Love & Money is a MarketWatch series looking at how our relationship with money impacts our relationships with significant others, friends and family.
Many new couples inquire about a potential mate’s age or how many previous partners they’ve had. Others are more interested in another number.
Approximately 42% of adults say knowing someone’s credit score would affect their willingness to date that person, according to a recent survey of 1,000 adults by personal finance website Bankrate.com. That’s up from nearly 40% last year. Women were nearly three times as likely to consider credit score a major influence on a potential partner compared to men (20% versus 7%). Younger daters are not as concerned about these three digits: 45% of older millennials, defined here as those aged 27 to 36, said they care about these three digits.
Credit scores reveal an individual’s relationship skill and level of commitment, and trustworthiness.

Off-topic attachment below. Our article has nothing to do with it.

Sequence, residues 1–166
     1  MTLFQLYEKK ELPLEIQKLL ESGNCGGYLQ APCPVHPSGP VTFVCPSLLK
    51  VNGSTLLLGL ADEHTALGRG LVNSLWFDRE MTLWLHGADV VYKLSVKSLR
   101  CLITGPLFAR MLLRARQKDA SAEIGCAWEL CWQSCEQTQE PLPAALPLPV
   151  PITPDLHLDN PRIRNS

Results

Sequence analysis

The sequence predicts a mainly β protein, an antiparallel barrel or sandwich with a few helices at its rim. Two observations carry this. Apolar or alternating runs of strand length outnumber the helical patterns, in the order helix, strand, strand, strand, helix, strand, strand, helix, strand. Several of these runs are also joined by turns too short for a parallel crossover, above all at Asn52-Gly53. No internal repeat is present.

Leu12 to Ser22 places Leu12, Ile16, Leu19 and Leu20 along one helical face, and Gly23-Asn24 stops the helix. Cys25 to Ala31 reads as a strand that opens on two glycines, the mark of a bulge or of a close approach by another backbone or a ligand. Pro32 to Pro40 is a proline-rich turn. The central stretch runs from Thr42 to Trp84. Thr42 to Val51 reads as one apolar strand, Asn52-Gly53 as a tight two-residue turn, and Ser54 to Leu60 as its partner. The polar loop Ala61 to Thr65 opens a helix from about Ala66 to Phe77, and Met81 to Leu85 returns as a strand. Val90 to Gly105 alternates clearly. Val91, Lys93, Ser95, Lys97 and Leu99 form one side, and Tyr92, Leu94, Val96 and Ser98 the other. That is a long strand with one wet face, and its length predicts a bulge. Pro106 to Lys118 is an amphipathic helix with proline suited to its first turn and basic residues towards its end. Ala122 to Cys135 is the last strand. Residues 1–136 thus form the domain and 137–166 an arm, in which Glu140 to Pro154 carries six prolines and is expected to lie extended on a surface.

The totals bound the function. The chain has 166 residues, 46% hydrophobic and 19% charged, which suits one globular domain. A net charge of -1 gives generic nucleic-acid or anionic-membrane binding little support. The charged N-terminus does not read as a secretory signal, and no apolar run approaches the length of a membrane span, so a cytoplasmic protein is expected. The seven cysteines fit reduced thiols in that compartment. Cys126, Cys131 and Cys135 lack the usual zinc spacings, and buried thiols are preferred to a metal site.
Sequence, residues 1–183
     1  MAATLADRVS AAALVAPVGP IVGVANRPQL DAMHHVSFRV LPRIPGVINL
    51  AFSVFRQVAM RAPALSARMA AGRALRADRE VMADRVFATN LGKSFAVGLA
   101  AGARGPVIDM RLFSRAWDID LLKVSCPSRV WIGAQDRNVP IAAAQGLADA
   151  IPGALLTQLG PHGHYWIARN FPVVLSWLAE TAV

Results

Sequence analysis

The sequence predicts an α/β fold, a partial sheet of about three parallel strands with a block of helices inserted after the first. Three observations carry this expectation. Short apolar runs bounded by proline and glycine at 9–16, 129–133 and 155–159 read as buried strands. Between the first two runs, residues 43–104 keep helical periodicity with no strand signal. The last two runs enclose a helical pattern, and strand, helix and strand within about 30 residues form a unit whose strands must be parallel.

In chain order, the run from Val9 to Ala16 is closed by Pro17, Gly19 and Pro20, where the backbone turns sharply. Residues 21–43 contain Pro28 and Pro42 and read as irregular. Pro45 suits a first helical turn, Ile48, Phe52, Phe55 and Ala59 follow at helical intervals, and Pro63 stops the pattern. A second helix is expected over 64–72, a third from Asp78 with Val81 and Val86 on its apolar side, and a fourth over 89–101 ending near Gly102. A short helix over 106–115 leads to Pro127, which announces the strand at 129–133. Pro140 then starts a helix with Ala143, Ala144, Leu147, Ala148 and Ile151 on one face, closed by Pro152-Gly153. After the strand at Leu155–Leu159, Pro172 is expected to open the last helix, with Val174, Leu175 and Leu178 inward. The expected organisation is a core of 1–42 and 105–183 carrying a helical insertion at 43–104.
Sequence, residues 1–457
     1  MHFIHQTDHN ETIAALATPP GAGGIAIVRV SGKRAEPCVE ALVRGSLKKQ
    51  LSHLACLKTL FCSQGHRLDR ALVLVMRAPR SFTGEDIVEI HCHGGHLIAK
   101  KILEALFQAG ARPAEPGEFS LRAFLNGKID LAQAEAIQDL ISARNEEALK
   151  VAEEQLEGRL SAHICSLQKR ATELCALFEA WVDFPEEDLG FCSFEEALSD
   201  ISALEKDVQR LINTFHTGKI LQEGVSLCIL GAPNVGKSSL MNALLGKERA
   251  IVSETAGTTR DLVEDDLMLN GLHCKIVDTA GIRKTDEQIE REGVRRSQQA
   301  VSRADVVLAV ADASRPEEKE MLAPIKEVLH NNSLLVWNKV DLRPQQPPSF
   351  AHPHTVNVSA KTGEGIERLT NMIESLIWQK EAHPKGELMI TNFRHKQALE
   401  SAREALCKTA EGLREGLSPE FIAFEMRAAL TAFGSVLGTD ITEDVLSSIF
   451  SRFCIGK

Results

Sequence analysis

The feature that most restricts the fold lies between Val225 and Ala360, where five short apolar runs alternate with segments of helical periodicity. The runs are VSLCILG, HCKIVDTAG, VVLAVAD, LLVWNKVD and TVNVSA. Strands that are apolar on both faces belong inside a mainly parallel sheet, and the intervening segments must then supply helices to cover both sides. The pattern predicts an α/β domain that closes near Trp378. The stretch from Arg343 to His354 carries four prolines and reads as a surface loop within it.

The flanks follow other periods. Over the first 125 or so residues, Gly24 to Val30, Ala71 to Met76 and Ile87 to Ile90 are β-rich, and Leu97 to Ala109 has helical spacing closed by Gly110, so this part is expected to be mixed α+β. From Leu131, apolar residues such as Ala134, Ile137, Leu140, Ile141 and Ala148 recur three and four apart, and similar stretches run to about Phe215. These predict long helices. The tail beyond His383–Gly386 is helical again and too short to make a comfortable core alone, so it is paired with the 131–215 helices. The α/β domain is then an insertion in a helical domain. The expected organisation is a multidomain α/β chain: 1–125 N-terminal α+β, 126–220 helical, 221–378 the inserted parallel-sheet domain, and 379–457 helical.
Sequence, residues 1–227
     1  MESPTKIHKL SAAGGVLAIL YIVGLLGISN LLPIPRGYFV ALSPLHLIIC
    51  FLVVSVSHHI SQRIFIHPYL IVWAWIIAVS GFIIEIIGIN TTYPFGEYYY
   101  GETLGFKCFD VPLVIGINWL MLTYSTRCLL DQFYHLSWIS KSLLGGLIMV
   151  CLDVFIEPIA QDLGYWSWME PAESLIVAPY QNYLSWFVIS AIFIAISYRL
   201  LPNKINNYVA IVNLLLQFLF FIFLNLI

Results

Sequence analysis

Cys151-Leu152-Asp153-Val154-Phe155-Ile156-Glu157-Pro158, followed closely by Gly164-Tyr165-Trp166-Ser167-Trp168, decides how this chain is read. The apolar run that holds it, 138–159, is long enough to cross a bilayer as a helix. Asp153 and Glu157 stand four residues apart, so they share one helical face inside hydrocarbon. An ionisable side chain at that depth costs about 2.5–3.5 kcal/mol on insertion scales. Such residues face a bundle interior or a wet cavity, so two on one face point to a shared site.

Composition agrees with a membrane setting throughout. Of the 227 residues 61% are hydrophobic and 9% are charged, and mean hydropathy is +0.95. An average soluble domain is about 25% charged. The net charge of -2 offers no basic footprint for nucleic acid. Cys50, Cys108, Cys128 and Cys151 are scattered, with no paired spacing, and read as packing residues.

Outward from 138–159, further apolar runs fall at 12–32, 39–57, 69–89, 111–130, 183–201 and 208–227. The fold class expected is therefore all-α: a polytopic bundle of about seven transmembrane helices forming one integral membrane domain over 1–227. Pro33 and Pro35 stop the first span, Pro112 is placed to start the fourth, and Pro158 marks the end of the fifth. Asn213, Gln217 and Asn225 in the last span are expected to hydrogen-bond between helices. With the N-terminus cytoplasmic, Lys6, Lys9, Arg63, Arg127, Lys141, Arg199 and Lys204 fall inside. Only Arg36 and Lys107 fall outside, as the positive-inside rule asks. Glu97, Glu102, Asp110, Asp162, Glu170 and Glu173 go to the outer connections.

This can be useful for people using dating sites like Tinder, Bumble, OKCupid
and Match.com. A high credit score can help predict whether someone is trustworthy. Similar credit scores are “highly predictive” of whether couples stay together, according to another 2015 paper by researchers at UCLA, the Brookings Institution and Federal Reserve Board, Washington, D.C. “Initial credit scores and match quality predict subsequent credit usage and financial distress, which in turn are correlated with relationship dissolution,” they wrote. “Credit scores reveal an individual’s relationship skill and level of commitment.”
Also see: Women don’t see men who drive flashy cars as husband material
“Previous studies have documented the various traits by which individuals sort themselves into committed…